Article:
Leading up to the NBA Draft we will be analyzing scouting reports for various players who have entered their name in this year’s NBA Draft. The focus of these articles will be on prospects who we find most intriguing and feel readers need to become more familiar with. Please let us know if you want any players specifically @edupridepress. All stats and videos are via KenPom, ESPN, DraftExpress, and YouTube.
Luke Kennard – Duke
Weight: 202 Ibs
Age: 20 years and 9 months
Background: After a great sophomore campaign with Duke, Luke Kennard decided to forgo his last two years of eligibility and sign with an agent in this year’s draft. Kennard was expected to take a back seat with Grayson Allen leading the charge this year but with Allen’s inconsistency throughout the season, Kennard stepped up and became the go-to scorer for the Blue Devils. Coming out of high school, it wasn’t clear whether Kennard would be a one and done or stay an extra year or two. Kennard’s sophomore season ultimately raised his draft stock after putting up disappointing numbers his freshman year. Usually, with more shot attempts one’s shooting percentage starts to dwindle which was not the case with Kennard. Basically, all his shooting percentages saw an increase along with his scoring, assist and rebounding averages while playing around 35 minutes a game compared to 26 his freshman year.
Strengths: Kennard has great size for a player with his archetype at his position. He is listed at 6’6″ 202 lbs according to DraftExpress.com and is decently built for someone of his stature. Kennard’s body strength and control let him finish around the basket but what makes him stand out is his ability to create his own shot and knock down perimeter jumpers. With guys like Frank Jackson and Grayson Allen running the point, Kennard was able to play off-ball and find ways to make himself open. It was evident that Duke’s team on paper was a lot more talented during Kennard’s sophomore year than his freshman. Even with Harry Giles, Jayson Tatum, Allen, and Jackson, Kennard was responsible for 25.5% of his team’s shots and was the most efficient player offensively this year for Duke.
Much of Kennard’s heralded shooting ability is credited to his quick release and poise. Like a majority of players, Kennard is at his best off the catch and when he sets his feet. Even with late arriving defenders, he’s proven he can knock down the shot and isn’t startled by the tardy block attempt. But, the preparation for the shot is what’s most important. Kennard is able to find ways to create space between him and his defender. He’s able to use both his left and right hand with the dribble to free himself from defenders, which give himself enough time for an open shot attempt. When teammates pass to him, he always has his feet set and in a shooting stance which already raises the chances of the shot going through the hoop.
Video via FrankieVision on YouTube
In this clip, Kennard shows how effective he is off the bounce. He’s able to get defenders off their feet and take one or two dribbles then pull up for a smooth silky jumper. Rarely in the NBA do you see a successful player just stand around and shoot threes. In order to be an impact player, he is going to have to rely more on his shotmaking abilities off the dribble like he did in this short video. If Kennard proves he can be more than a one-dimensional scorer, it will force opponents to back off which will give him more space to do what he does best, and that’s shooting from three.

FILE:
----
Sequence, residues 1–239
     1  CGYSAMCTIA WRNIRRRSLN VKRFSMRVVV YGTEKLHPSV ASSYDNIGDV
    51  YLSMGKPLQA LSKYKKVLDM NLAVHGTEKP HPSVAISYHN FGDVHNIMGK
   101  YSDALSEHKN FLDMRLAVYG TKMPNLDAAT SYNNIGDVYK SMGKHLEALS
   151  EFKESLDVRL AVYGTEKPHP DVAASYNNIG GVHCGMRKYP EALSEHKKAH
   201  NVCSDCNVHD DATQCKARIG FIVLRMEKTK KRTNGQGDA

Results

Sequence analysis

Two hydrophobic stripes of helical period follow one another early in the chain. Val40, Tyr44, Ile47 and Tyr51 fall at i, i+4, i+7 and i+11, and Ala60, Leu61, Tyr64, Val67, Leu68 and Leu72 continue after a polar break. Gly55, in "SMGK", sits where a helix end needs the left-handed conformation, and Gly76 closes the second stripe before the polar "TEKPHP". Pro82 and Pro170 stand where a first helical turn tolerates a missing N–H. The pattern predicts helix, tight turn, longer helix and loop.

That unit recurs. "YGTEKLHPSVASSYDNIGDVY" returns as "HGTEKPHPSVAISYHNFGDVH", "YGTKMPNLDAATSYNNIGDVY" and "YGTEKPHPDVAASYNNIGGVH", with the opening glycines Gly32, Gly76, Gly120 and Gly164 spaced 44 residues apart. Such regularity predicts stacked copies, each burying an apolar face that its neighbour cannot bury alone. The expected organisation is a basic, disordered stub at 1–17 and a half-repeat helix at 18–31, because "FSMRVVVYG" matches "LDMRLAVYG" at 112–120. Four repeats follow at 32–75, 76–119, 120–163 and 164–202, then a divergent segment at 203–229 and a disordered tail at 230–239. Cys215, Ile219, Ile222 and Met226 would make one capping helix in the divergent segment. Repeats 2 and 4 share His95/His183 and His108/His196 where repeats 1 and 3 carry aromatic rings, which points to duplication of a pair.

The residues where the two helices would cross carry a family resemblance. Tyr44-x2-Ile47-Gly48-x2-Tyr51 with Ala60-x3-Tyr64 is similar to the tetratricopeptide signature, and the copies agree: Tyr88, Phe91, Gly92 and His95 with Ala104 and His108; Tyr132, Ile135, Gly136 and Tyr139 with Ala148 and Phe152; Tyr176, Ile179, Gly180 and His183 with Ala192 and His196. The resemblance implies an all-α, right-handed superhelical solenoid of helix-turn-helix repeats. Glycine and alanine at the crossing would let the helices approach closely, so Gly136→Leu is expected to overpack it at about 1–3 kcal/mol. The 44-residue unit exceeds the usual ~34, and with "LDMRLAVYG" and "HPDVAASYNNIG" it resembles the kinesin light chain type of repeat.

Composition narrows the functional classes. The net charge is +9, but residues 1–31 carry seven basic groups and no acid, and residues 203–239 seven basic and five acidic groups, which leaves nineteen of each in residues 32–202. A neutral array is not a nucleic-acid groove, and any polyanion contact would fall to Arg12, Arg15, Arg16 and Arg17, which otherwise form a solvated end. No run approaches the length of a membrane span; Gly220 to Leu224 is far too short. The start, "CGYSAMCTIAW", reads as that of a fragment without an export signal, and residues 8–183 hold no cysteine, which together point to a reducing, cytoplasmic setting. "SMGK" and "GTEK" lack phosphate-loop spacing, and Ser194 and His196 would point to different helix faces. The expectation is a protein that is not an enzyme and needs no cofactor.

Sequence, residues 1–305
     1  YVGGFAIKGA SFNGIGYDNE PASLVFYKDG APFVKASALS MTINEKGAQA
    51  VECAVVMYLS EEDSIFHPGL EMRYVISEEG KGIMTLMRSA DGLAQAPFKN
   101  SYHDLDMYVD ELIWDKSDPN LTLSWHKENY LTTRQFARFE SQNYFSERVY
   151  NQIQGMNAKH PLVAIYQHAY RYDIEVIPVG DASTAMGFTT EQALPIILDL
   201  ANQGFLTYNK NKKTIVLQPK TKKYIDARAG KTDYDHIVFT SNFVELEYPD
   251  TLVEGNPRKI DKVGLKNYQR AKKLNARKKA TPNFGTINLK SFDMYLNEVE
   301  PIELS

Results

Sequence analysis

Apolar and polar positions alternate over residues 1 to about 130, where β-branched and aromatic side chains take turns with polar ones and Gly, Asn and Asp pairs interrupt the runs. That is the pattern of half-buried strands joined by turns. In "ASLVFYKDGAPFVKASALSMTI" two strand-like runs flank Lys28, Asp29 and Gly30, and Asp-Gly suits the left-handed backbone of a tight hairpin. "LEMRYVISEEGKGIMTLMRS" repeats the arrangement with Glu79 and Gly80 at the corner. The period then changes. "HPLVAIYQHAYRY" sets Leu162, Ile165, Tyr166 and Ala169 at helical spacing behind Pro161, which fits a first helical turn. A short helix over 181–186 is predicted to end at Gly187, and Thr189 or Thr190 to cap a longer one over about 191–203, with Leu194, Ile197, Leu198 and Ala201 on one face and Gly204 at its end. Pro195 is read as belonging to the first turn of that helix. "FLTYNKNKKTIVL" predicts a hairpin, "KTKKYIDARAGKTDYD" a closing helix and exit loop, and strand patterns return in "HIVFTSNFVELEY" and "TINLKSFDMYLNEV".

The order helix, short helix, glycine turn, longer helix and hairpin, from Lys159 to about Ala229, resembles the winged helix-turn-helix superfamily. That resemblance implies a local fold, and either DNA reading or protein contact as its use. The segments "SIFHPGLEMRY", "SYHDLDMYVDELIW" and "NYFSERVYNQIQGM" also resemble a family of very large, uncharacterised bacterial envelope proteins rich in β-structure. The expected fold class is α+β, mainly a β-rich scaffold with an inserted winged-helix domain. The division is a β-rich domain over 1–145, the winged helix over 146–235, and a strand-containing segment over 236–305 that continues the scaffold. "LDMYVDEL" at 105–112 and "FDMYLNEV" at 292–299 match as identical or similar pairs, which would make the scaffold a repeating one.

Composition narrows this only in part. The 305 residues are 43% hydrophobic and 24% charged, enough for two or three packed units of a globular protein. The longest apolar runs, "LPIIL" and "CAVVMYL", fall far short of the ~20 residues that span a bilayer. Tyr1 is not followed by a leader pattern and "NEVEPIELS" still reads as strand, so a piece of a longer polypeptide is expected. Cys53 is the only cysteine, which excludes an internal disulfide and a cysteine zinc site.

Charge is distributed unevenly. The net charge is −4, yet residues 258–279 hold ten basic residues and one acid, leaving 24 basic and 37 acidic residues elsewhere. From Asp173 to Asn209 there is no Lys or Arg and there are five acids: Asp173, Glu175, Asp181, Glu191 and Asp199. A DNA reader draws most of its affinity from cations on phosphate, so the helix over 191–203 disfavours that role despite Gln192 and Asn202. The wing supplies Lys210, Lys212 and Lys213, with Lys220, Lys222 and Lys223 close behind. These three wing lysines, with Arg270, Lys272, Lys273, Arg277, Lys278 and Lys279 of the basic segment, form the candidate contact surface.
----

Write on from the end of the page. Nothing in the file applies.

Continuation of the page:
Weaknesses: With the NBA game becoming much faster and played with an up-tempo pace, Kennard is going to have to improve in that category. Especially guarding NBA two guards like James Harden and Demar DeRozan, he’s going to have to become more defensive oriented and find a way to excel in his respective team’s system on both sides of the ball. At best, Kennard is an average athlete. He needs to work on his footwork and be able to guard smaller and taller opponents. He’s not a guy who is going to rack up the steals and often falls into the trap of committing bad fouls which will limit his minutes and productivity.
Comparison: Eric Gordon, Houston Rockets
Many NBA scouts and scouting experts believe Kennard’s go-to scorer mentality won’t translate to the NBA. In his one year at Indiana, Eric Gordon was the GUY for the Hoosiers and was a superb athlete/talent in comparison to other college players. But when he got to the NBA, he was in the middle of the pack athletically and had to develop a different play style from his college days in order to be a solid role player in the pros.
Kennard’s ability to not only shoot the ball effectively from behind the arc but also find ways to get open off screens and create space with the dribble are very similar to how Gordon has made a living doing what he does. Granted, Eric Gordon does have the luxury of playing with one of the best playmakers in the Association in James Harden but that’s where Kennard and Gordon are so similar. Eric Gordon has been so successful because he has teammates who do a great job of finding him for open shots. Gordon fits the role perfectly in Houston because he’s not relied on to do everything but he understands his playing style and what makes him and his team most successful. In order for Kennard to become a player like Gordon, he’ll need to play for a team that knows how to use him. I know it sounds cliché but it’s the truth. Luke Kennard performed so well at Duke because Coach K’s system fits his play style perfectly. If a franchise that has playmakers who can create open looks for Kennard, then I don’t see why he can’t be an immediate impact player coming off the bench in the Association.
Featured image via SB Nation